Brexit and ADR, Untangling the Complexities

The United Kingdom’s recent referendum vote to leave the European Union (EU) is just a few weeks old, and dealmakers are rightfully concerned about its ramifications. The falling pound, the most immediate consequence, is just one of many factors that could affect pending deals with British companies. Many parties entered into contracts with UK-based companies with certain assumptions based upon the country’s membership in the EU. Now, with the UK’s situation uncertain, the lawyers are lining up to figure out next steps.

On July 18, CPR’s arbitration committee convened a panel on the topic of Brexit’s impact on cross-border arbitration and litigation involving the UK, hopefully clearing up some of the mystery. The panel was moderated by Jean-Claude Najar (France) of Lazareff Le Bars, and featured Tim Hardy (UK) of CMS Cameron McKenna LLP, Vanessa Alarcon Duvanel (Switzerland) of White & Case LLP, and Clifford J. Hendel (Spain) of Araoz & Rueda Abogados, S.L.P.

As explained by Mr. Hardy, Brexit’s main immediate impact on cross border litigation in the EU is the uncertainty as to what will happen post-exit to the existing unified regime for dispute resolution applying to all Member States. Since 1973, the UK has been required to adopt unifying arrangements to avoid duplicate litigation in different States through a series of rules intended to determine that the court of only one State can have jurisdiction and that the decision of that court should be respected by all other courts of Member States. Initially, the incorporation of these reciprocal arrangements into the legal framework of Member States was undertaken through a  series of treaties – each requiring each State to approve, ratify and implement each Treaty.  As this was extremely cumbersome and slow, subsequently, EU Regulations were implemented directly applying the rules into the law of each member state.

To exit the EU the UK will have to repeal the European Communities Act which will automatically repeal all Regulations but it will not repeal all treaties. Accordingly, a complex situation could develop where arguably some treaties will survive and may be applicable and relevant to determining parties’ positions if disputes arise. “One would hope,” said Mr. Hardy, “that the legislature will do what it can to avoid this mess. But at the moment, we don’t know what steps will be taken to address and tidy it up.”

As for the practice of international arbitration in the UK or London, Mr. Hendel explained, there is no reason to think that Brexit will have any legal effect because the Convention on the Recognition and Enforcement of Foreign Arbitral Awards (the “New York Convention”), which is the lifeblood of international arbitration, is immune from what will happen with Brexit. The situation is different, however, in the world of judicial dispute resolution. Mr. Hendel referenced the falling away of important EU regulations concerning the automatic recognition and enforcement of judgments throughout the EU, jurisdiction and choice of courts, as well as choice of law, in two years’ time or so, unless the UK takes action before then through negotiation with the EU or unilateral action to keep these legal mechanisms in place. These regulations currently provide an important degree of harmonized certainty on how to deal with everyday issues that arise in EU cross-border disputes, and Brexit will inevitably undermine this certainty. Mr. Hendel noted that the UK might have an incentive to preserve this framework one way or another in order to preserve its perceived supremacy in the financial and legal industries.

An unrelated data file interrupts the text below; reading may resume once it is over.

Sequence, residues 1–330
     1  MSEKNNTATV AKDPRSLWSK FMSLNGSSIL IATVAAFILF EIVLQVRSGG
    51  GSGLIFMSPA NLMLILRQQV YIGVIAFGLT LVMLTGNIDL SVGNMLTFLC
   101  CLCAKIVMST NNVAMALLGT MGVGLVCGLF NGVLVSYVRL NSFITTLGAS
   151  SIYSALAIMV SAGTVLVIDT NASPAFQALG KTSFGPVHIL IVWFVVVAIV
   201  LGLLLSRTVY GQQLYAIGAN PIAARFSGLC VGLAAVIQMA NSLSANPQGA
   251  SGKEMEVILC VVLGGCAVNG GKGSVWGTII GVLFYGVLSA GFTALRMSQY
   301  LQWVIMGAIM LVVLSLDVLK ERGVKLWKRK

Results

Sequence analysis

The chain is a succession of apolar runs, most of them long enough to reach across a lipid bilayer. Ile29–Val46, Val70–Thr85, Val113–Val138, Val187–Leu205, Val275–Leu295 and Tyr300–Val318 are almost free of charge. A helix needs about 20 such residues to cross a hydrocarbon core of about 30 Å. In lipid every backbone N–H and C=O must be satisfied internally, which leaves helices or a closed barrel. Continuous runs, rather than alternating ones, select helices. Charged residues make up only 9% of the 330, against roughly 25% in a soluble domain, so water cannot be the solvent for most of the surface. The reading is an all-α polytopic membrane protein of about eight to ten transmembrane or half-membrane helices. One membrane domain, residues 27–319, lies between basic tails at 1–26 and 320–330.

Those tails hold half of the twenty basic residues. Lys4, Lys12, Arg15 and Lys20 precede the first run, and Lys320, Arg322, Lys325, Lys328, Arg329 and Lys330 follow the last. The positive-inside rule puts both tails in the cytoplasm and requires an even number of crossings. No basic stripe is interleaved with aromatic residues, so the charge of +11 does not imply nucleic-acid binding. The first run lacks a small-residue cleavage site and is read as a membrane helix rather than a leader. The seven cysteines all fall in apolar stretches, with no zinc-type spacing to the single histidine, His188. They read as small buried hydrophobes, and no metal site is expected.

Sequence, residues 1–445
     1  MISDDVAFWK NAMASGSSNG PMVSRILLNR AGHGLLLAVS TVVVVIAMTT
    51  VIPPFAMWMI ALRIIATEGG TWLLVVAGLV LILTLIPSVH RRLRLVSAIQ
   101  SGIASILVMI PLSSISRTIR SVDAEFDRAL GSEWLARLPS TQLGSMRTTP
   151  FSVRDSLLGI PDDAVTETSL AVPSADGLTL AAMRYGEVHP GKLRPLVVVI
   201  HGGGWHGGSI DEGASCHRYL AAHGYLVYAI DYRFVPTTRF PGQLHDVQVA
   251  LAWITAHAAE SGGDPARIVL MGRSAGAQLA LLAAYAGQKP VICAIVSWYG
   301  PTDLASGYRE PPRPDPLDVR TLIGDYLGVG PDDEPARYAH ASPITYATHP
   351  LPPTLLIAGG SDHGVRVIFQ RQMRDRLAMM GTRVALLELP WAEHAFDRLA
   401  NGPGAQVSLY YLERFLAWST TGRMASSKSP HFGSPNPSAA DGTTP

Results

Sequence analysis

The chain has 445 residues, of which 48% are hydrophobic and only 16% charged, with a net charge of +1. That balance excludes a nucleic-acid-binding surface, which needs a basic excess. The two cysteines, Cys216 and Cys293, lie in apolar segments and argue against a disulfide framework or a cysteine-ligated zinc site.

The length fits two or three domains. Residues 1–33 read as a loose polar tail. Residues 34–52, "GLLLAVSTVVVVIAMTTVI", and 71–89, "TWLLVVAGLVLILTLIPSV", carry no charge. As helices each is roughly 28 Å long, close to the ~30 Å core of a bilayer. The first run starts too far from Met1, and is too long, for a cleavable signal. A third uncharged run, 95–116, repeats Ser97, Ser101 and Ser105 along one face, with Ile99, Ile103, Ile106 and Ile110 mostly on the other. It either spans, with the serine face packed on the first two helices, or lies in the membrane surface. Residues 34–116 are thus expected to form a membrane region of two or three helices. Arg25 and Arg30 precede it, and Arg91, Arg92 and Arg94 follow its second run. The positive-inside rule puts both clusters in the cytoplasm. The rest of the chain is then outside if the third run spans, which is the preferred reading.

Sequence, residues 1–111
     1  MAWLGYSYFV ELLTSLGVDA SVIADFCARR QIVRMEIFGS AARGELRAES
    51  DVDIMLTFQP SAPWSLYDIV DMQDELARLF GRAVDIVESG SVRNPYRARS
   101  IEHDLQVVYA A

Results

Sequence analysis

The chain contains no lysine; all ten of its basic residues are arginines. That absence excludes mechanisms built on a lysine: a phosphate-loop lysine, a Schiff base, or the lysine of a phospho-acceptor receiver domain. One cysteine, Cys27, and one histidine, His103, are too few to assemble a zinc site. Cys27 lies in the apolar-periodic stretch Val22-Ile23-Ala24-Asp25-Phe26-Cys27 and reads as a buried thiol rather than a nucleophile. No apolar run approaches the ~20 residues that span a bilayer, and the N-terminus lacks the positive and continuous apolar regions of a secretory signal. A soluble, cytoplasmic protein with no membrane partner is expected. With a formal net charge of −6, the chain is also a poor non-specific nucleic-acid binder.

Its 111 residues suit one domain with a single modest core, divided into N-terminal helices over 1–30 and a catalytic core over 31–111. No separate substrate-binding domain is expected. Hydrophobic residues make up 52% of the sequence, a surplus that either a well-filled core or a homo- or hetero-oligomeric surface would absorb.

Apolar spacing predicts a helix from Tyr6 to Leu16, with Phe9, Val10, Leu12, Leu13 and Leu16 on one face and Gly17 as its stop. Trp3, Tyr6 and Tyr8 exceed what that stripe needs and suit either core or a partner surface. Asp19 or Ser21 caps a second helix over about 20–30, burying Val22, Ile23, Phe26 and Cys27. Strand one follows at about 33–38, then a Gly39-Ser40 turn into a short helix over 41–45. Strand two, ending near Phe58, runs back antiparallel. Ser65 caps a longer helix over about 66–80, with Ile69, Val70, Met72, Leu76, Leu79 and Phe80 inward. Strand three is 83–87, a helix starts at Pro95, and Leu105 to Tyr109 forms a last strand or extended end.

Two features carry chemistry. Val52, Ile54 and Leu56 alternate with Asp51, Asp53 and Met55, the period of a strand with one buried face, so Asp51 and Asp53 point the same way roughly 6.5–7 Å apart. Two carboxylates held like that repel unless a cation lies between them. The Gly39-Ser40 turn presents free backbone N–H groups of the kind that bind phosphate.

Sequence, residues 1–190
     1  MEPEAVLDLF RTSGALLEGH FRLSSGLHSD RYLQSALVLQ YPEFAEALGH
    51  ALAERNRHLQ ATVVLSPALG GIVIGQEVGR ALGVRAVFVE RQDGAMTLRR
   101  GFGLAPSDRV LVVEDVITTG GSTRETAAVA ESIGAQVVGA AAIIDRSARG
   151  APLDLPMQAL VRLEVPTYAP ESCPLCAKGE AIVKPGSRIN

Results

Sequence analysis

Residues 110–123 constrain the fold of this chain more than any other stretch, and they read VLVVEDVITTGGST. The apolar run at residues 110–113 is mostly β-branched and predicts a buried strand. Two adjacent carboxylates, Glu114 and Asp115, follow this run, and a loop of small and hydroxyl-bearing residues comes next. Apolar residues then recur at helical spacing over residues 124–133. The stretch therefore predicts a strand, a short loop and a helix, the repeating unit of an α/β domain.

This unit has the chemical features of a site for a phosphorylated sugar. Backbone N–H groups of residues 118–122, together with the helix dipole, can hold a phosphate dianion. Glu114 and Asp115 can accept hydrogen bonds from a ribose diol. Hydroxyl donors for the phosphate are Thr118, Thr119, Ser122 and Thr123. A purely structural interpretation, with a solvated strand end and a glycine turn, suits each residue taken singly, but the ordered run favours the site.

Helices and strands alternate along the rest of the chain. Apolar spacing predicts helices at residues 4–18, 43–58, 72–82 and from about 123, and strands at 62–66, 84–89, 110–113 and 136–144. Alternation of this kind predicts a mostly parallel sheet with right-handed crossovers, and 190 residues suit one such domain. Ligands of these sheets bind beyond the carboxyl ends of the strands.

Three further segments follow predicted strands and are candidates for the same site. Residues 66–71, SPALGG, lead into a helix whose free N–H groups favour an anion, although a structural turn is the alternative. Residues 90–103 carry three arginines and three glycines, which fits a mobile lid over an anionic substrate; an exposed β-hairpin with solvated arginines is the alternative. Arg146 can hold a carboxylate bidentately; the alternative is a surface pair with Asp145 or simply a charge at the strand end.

Ms. Duvanel examined how Switzerland has managed in the years since it voted in 1992 not to join the European Economic Area (EEA) to overcome isolationism vis-à-vis the EU. Although it took several decades, Switzerland managed to negotiate and ratify bilateral agreements with the EU to harmonize its legislation with that of the EU. For example, the Lugano Convention addresses the issues relating to jurisdiction and recognition and enforcement of judicial decisions between Switzerland and the EU. In the end, she explained that Switzerland has its own set of legislation, but that much of it is inspired by the EU, “fully harmonized but always a bit later.” The harmonization of the two legislative systems has been long and difficult for Switzerland, and it is likely to be difficult for the UK as well. She stressed, however, that all of that had no effect on international arbitration in Switzerland. Switzerland remains very attractive. Swiss arbitrators are among the most nominated in the world in international arbitration cases. Switzerland is the second most chosen seat for international arbitration and Swiss law is one of the most chosen applicable law due to the stability of the Swiss legal system.